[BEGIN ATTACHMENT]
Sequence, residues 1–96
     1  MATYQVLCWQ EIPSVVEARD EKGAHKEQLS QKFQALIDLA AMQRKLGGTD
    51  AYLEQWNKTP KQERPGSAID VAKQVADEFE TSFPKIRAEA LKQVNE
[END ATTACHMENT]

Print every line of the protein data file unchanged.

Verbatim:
Sequence, residues 1–96
     1  MATYQVLCWQ EIPSVVEARD EKGAHKEQLS QKFQALIDLA AMQRKLGGTD
    51  AYLEQWNKTP KQERPGSAID VAKQVADEFE TSFPKIRAEA LKQVNE